That makes sense! Thanks! It will be hard firing it up without food in it anyways!

BTW, What does FWIW mean?[/quote:353dl0m3] For What It's Worth
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Old 08-19-2005, 09:21 AM   #6
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I use a baskit of charcoal first and add some oak for heat then when the oak dies down I add some hickory. The soot from the wood seams to seal the metal well and then once you start cooking on it, the fat from the meat works in well. IMHO.
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Old 08-19-2005, 09:33 AM   #7
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Quote:
Originally Posted by Bill The Grill Guy

I use a baskit of charcoal first and add some oak for heat then when the oak dies down I add some hickory. The soot from the wood seams to seal the metal well and then once you start cooking on it, the fat from the meat works in well. IMHO.
Soot? I have been told my whole life that soot is a bad thing. Be it from a wood stove to barbecue.
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Old 08-19-2005, 09:38 AM   #8
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[quote=Pigs On The Wing BBQ]
Quote:
Originally Posted by "Bill The Grill Guy":msur7okl

I use a baskit of charcoal first and add some oak for heat then when the oak dies down I add some hickory. The soot from the wood seams to seal the metal well and then once you start cooking on it, the fat from the meat works in well. IMHO.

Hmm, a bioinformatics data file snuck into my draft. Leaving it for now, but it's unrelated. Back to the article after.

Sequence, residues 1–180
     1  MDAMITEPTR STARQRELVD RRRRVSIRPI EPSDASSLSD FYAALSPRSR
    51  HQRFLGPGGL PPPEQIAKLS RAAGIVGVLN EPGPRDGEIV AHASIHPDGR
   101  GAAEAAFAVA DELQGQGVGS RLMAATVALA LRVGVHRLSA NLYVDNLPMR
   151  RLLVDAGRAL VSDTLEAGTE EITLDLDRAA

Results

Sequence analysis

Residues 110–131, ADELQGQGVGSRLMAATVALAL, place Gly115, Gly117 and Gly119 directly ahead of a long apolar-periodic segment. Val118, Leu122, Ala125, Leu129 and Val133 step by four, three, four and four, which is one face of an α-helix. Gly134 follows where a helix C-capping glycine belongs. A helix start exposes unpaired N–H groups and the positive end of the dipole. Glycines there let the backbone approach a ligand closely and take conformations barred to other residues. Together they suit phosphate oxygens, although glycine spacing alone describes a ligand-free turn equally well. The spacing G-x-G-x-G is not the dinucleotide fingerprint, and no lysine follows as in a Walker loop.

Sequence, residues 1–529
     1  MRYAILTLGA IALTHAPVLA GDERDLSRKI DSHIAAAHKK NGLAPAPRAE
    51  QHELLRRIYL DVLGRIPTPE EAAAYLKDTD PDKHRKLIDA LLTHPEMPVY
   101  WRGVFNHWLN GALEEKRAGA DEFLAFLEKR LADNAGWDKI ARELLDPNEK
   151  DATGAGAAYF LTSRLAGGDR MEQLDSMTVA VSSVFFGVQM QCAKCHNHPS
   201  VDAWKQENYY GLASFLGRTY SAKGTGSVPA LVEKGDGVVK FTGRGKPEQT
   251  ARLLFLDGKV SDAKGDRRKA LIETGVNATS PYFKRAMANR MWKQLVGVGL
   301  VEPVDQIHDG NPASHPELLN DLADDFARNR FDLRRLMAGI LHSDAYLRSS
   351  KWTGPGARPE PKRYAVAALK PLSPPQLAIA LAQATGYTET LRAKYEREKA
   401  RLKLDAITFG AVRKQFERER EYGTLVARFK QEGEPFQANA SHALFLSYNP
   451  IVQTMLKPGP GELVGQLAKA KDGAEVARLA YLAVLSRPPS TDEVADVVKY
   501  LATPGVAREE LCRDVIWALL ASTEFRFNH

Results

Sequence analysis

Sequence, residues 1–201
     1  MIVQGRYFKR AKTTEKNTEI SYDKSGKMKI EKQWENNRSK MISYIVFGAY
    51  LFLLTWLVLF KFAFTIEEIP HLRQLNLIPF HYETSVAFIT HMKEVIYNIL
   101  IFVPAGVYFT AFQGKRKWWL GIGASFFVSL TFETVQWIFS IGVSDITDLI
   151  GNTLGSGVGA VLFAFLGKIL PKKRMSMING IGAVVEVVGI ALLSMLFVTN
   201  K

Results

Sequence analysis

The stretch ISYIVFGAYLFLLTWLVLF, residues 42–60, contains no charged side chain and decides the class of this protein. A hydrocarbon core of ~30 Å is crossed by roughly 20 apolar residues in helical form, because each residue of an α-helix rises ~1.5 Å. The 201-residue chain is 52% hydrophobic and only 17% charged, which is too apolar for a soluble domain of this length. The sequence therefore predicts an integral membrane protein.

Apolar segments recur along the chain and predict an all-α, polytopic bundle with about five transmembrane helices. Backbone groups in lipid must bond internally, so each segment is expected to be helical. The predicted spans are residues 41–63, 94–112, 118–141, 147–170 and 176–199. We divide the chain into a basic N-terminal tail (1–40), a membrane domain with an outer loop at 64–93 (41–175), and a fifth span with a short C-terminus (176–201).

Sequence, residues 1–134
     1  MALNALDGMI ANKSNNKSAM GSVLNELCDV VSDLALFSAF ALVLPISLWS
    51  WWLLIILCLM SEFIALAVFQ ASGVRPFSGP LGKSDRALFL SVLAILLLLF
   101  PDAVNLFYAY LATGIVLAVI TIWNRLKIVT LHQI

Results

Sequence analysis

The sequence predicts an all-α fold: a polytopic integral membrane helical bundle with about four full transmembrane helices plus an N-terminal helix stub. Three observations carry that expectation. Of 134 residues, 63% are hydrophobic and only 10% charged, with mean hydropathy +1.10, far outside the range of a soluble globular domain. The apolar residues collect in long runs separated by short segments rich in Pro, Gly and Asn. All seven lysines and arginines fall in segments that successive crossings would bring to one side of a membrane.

Soot? I have been told my whole life that soot is a bad thing. Be it from a wood stove to barbecue.[/quote:msur7okl]

WHAT HAVE I DONE???? 8-[ op: op: op: op: op:


Foil vs. no foil, sand vs. water, brine vs. no brine and now soot vs. no soot!! :lmao: :lmao: :lmao: :lmao: :lmao:
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Old 08-19-2005, 09:45 AM   #9
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Soot, also called lampblack or carbon black, is a dark powdery deposit of unburned fuel residues, usually composed mainly of amorphous carbon, that accumulates in chimneys, automobile mufflers and other surfaces exposed to smoke especially from the combustion of carbon-rich organic fuels in the lack of sufficient oxygen.
en.wikipedia.org/wiki/Soot
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Old 08-19-2005, 10:34 AM   #10
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Quote:
Originally Posted by Pigs On The Wing BBQ
Soot, also called lampblack or carbon black, is a dark powdery deposit of unburned fuel residues, usually composed mainly of amorphous carbon, that accumulates in chimneys, automobile mufflers and other surfaces exposed to smoke especially from the combustion of carbon-rich organic fuels in the lack of sufficient oxygen.
en.wikipedia.org/wiki/Soot
Damn.... He's not as dumb as his pictures make him look. 8-[

Sounds like the Wizard did give the scarecrow a brain. :biggrin: